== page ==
There has in fact been considerable discussion of the identity of “Phags-pa Chinese.” Common sense would suggest that the script should have been applied to whatever constituted “standard Chinese” of Yuán times; but there are problems with this assumption. For it is also generally supposed that this standard language, which is by many averred to have been the dialect of the Yuán capital, Dàdū 大都 (occupying the site of present-day Peking), has been codified in a rime dictionary called Zhōngyuán yīnyùn 中原音韻 (published in 1324; hereafter: ZYYY). And the fact is that the spelling conventions found in Chinese ‘Phags-pa sources of various sorts reflect a sound system which is more complex than that inherent in the ZYYY sound classes. Therein lies the conundrum.

Opinions on this matter have for the most part been of two types. The first and now most widely accepted one is exemplified in a number of papers and miscellaneous notes of Paul Pelliot, published in the 1920’s and 30’s in T’oung Pao and the Journal Asiatique. This view holds that the ‘Phags-pa texts basically record the dialect of Dàdū but that they have, on the basis of rime books and other traditional philological sources, been infused with phonetic features and details which did not exist in the actual speech of Yuán times. Essentially the same idea has most recently been espoused by Cheng (1985:46), who in connection with two specific ‘Phags-pa sources remarks (p.46),”… the systems in the MT [Měnggǔ zìyùn 蒙古字韻] and the MY [Měnggǔ yùnluè 蒙古韻略] probably reflect the literary language of Ta-tu (now Peking), the capital of the Yuan dynasty, and the date of their completion could be as early as 1269, the year the hPhags-pa script was announced.” In support of this position Cheng gives an interesting set of examples from Yuán-time ‘Phags-pa inscriptions where, when faced with the practical task of producing Chinese texts in the ‘Phags-pa script, the writers have failed to maintain the so-called zhuó 濁 or “voicing” distinctions in initials, as called for in the spelling conventions of the system (1985:50). The position represented here has been adopted by a number of scholars who, in attempting to reconstruct the sound system underlying the ZYYY, have drawn upon ‘Phags-pa spellings for help on moot points.

The second and opposing view on the dialect identity question was first set forth in detail by Dragunov (1930). He concluded (p.646) that,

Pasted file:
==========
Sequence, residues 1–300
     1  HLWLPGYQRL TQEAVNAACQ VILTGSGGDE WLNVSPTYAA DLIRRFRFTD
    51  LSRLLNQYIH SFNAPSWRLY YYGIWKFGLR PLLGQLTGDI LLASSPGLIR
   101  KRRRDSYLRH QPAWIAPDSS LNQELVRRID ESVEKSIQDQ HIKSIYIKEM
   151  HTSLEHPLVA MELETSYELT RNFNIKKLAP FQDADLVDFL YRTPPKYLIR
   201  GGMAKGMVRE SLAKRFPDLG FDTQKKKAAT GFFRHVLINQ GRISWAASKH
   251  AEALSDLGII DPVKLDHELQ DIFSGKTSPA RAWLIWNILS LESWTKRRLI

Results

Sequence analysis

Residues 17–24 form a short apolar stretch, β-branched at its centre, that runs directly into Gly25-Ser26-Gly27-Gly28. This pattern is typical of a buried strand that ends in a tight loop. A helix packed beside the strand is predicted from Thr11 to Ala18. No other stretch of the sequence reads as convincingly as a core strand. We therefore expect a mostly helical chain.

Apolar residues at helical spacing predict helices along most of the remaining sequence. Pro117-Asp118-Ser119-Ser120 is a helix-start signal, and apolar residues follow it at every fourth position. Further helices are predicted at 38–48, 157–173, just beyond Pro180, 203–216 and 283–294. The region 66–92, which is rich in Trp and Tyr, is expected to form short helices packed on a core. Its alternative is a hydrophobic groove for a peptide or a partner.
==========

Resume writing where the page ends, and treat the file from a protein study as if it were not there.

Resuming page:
” We have not sufficient reasons to consider the phonetic structure of the Ancient Mandarin language to have been homogeneous. On the contrary, our sources enable us to state that there existed two large dialects (or groups of dialects) widely divergent from the point of view of their consonantic system: one of them, let us call it type B – in various transcriptions of foreign names and in the Persian transcription. Moreover, it is very likely that the phonetic forms of the A dialect (i.e. of the hPhags-pa inscriptions) also served for political reasons as a certain official standard for some regions, where the spoken language belonged to the B type. These regions consequently had two parallel pronunciations of the characters – one of them official, registered by the hPhags-pa script, and the other a more modernized vernacular, registered, e.g. by the Persian transcription. In such cases the Ancient Mandarin pronunciation embodied in the hPhags-pa script may be actually archaic.

A rather similar position was adopted by Hashimoto (1978). After considerable discussion he stated (I, p.74),

From these … points we assume that the Chinese characters were actually pronounced in more or less the same way as they are spelled by hPhags-pa script. These pronunciations were used in official proclamations to the literate intellectuals; then the phonological system inferred from these transcriptions should reflect some formal speech which the great majority of the intellectuals of the period spoke or at least understood.”

And further on (p.76),

“We may conclude that the language reflected in the hPhags-pa transcriptions is very likely a natural variant of Chinese at that time, though it may not be a stage in the linear development from Ancient Chinese to Mandarin.”

Reduced to its essentials, the first view admits the existence of only one linguistic entity underlying both the ‘Phags-pa texts and other contemporary sources such as the ZYYY and certain transcriptional materials. Where the ‘Phags-pa system varies in the direction of increased complexity, these variations are held to be archaizing and artificial. The second view finds at least two varieties of Chinese in the relevant sources. The ‘Phags-pa texts represent a more formal, “official” dialect, while the other sources reflect a vernacular idiom of some sort. With these opposing viewpoints in mind, we shall now embark on some historical and phonological considerations.

II. THE POLITICAL AND LINGUISTIC BACKGROUND
A. Northern Sòng and Liáo